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Above the Oregon, Washington Coast: Halloween is in the Stars as Well

Published 10/29/2019 at 5:43 PM PDT
By Oregon Coast Beach Connection staff

Above the Oregon, Washington Coast: Halloween is in the Stars as Well

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(Portland, Oregon) – There’s more to Halloween than just spooks and candy: it’s an astronomical event as well. While those on the Oregon coast and Washington coast will primarily be dealing with a clear but a chilly day and night (as well as in Portland, Seattle, Vancouver, Salem, etc), it may be well worth looking up to the sky in between handfuls of candy. After dark, there’s fun stuff to catch in the skies, but the daylight hours also represent an interesting astronomical mark – besides the fact it’s unusual to have a Halloween that’s sunny.

The origin of Halloween comes into play when it comes to the universe around us, according to OMSI’s Jim Todd. Halloween – short for All Hallow’s Eve – had its beginnings as a sacred festival with the ancient Celts and their religious figures the Druids in the British Isles. It was called Sahmhain then.

The holiday now famous as another excuse for crazy bar behaviors among adults is a cross-quarter day, which is why the Druids utilized it.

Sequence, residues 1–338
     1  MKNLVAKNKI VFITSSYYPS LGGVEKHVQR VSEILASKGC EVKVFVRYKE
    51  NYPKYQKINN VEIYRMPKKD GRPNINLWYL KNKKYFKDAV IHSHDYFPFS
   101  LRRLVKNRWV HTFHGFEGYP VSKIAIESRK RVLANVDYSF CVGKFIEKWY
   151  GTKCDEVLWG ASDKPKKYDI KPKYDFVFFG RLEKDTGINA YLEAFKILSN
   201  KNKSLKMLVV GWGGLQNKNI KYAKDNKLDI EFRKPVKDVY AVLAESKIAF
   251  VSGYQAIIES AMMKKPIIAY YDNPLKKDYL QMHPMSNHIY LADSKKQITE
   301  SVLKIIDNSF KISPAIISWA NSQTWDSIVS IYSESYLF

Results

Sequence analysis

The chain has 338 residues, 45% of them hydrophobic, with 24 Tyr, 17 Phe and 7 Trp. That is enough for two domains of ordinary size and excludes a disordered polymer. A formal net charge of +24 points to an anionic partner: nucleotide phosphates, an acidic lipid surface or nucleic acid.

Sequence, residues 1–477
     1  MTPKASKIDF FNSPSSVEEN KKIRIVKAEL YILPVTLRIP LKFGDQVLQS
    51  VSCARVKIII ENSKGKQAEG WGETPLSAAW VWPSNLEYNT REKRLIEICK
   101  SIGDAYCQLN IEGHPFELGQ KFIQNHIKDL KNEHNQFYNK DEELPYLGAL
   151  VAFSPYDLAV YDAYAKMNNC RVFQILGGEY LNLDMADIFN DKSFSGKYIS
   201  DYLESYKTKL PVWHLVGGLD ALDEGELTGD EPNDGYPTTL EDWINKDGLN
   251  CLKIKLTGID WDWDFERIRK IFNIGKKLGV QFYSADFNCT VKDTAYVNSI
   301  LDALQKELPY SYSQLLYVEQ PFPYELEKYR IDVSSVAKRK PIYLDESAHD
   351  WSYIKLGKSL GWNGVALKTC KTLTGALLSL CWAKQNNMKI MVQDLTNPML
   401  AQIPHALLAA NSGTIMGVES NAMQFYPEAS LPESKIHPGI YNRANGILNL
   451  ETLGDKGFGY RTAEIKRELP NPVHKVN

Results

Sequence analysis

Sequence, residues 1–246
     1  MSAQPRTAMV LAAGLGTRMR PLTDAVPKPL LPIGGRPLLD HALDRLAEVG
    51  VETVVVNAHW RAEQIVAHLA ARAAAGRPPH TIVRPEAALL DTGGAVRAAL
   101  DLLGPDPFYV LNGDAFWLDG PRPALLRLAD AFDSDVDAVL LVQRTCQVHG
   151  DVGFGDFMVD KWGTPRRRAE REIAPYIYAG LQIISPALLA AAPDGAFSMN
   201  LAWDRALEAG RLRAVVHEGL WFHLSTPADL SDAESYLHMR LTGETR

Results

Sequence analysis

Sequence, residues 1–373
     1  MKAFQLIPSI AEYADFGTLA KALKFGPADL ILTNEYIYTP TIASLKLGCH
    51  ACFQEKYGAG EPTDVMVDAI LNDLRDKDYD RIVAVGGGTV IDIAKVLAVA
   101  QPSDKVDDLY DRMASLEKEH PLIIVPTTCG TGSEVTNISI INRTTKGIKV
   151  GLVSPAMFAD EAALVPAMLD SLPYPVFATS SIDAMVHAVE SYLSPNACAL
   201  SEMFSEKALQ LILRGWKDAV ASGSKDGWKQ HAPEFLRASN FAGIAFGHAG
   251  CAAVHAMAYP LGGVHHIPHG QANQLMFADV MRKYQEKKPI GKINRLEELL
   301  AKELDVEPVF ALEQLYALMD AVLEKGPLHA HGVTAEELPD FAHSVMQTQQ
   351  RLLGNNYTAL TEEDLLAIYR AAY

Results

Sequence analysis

“A cross-quarter day is a day midway between an equinox and a solstice,” Todd said. “Traditionally, Halloween occurs on October 31 which is approximately midway point between the autumn equinox and winter solstice. The October 31 date for Halloween has been fixed by tradition. The true cross-quarter day falls on November 7, representing a discrepancy of about one week. According to the ancient Celts, a cross-quarter day marks the beginning , not the middle, of a season.”

Todd said there are eight major subdivisions of holidays every year. These include the equinoxes of March and September, the June and December solstices, and the intervening four cross-quarter days. These cross-quarter days have acquired their own sometimes goofy holidays, including Halloween. Others are Groundhog Day on February 2, May Day on May 1 and Lammas on August 1.

“Halloween is the spookiest of the cross quarter days, possibly because it comes at a time of year when the days are growing shorter,” Todd said. “On Halloween, it’s said that the spirits of the dead wander from sunset until midnight. After midnight on November 1, which we now call All Saints’ Day, the ghosts are said to go back to rest.”

Looking up at night, the Orionid meteor showers are still going, but quickly slowing down. You can, however, still see a few shooting stars here or there, and the Washington and Oregon coast and its southern coast at night are good places because of the darkness of most areas. The showers go until November 7, and hitting dark high spots like Neahkahnie Mountain near Manzanita, Anderson’s Viewpoint near Oceanside or Cape Foulweather near Depoe Bay will be awe-inspiring. Oregon Coast Hotels for this event - Where to eat - Map - Virtual Tour






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